This Tuesday afternoon in May, the appointment takes place on the large beach of Hendaye. A dozen patient volunteers ended up in a Surf Health Association minibus parked on rue des Mûriers, just in front of the sea. Everyone managed to pull on a wetsuit, sometimes sulking over a small round belly, before heading onto the sand at low tide.
limping, a little hampered by her board, dragging it or carrying it under one arm, under the other, on her head. Danny, surfer and specialist teacher, sets the pace, calmly and benevolently. “C’mon to start, we’re going to warm up, move and massage the board with the wax! “A few relaxations later, everyone throws themselves in the water, escorted by Doctor François Chevrier and Ainhoa Ordonez, psychiatric nurse in Caradoc.
The doctor and the nurse in the water
Didier, 59, a brave, patient surfer, begins his second session. His tense face betrays a certain fear. “The stage fright,” he admits. “My concern comes from being overweight. Due to the illness, the medication, I’ve gained a lot of weight and I’m a bit ashamed. Besides, that’s why I didn’t go out at all anymore, I avoided showing myself. So imagine yourself putting on a jumpsuit at the beach! I who loved it so much. Surf therapy committed me and frankly I discovered incredible sensations. The myth of the blond, tanned, burly surfer lives on!
In the water, the first few minutes are hesitant, the boards inevitably fly, are swept away by the waves, collide, get lost and beginners fumble a little, not daring to start. Like all beginners in the world. It takes all the patience of Danny the instructor, the company of Doctor Chevrier and the laughter of Aïnhoa for the little troupe to start finding some audacity.
The first to get up on his board is Jérôme: a few seconds of happiness carried by cheers from all his teammates. “There is no notion of a challenge,” assures Doctor Chevrier. Our priority is to enable them to find joy in movement. Living in the present moment, which is a significant breath of fresh air for these patients. »
The surfer-psychiatrist is up to his neck in water, without a board, to calm, encourage and stimulate everyone. And laugh between two broths.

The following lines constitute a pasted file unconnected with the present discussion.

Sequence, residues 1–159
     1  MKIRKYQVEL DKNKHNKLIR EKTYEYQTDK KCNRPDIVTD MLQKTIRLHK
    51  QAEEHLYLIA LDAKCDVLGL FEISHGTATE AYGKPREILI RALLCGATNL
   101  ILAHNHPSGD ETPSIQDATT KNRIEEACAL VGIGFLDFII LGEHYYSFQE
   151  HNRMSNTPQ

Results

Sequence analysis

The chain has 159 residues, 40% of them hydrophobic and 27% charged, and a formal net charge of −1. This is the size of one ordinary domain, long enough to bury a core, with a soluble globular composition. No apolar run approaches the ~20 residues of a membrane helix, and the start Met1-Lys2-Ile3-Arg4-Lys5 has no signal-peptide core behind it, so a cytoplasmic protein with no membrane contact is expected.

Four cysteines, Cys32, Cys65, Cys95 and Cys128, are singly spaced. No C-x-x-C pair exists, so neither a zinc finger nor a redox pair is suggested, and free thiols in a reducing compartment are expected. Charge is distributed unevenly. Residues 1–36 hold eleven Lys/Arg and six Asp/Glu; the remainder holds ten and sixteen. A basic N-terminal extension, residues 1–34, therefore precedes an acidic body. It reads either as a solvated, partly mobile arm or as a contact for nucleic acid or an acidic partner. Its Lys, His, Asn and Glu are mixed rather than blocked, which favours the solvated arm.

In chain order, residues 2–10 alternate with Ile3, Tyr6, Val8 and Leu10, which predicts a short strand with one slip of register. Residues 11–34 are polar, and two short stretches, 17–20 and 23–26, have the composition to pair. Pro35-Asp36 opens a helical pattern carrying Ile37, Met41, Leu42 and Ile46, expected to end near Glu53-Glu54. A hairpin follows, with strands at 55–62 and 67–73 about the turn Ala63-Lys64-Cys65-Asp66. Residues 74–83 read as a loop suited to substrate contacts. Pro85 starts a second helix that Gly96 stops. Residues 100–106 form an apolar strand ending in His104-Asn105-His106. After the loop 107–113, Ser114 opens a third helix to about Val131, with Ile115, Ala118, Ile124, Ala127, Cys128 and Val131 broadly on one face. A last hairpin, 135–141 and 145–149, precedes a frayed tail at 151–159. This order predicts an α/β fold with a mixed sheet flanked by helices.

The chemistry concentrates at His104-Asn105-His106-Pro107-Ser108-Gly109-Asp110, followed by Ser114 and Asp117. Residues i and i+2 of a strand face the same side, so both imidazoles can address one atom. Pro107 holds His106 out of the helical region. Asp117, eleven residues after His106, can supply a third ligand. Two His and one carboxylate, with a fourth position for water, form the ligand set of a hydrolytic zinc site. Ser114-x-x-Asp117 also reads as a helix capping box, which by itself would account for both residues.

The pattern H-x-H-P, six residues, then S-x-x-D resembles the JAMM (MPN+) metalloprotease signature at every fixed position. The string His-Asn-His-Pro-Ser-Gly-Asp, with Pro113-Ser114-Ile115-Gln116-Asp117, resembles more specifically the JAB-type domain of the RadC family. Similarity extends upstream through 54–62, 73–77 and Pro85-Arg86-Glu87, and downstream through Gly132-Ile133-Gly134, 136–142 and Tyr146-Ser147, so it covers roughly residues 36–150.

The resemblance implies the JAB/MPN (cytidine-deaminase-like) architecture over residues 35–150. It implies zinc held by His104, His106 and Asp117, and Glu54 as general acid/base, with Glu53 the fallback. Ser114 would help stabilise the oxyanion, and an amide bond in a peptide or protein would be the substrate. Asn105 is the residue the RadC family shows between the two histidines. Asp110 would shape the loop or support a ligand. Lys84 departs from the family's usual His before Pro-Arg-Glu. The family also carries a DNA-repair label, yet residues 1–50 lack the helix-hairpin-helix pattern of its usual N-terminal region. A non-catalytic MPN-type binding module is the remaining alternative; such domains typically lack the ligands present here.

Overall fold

“I won’t stay in the water anymore”
In the group, all are currently being treated at the Caradoc Clinic in Bayonne, undergoing chemical treatments but also various non-drug therapies. Some show slight physical fatigue, not very compatible with the practice of sport. But nobody lets go. Caroline, for example, in her wild forties, runs from one wave to the next and yet has nothing of an athlete. “It’s amazing how good I feel about it. I didn’t feel capable, I’ve never climbed a board in my life. I get there, even a little, it gives me confidence. I’m finally happy with myself. And then, here in the water, I stop brooding, my head calms down. The night after… I sleep. You know, good tiredness. »
Lancelot is 21 years old, a nickname for an apprentice surfer who has just discovered he can stand on a board. The happiness of this moment of balance is written all over his face: “I feel more comfortable in my body,” he admits as he climbs out of the water. “A sense of well-being that I don’t know anywhere else and that is good for me mentally. »
Ainhoa, the nurse, snorts on the beach. In her opinion, people with bipolar disorder have a form of disability in common: “They stigmatize themselves and no longer dare to leave the house, they have lost their status. Surf Therapy allows you to work in this area that you forbid yourself, it breaks a lock. “The same observation for Dr. Chevrier, who concludes: “They are now part of the surfing community and not just bipolar people. »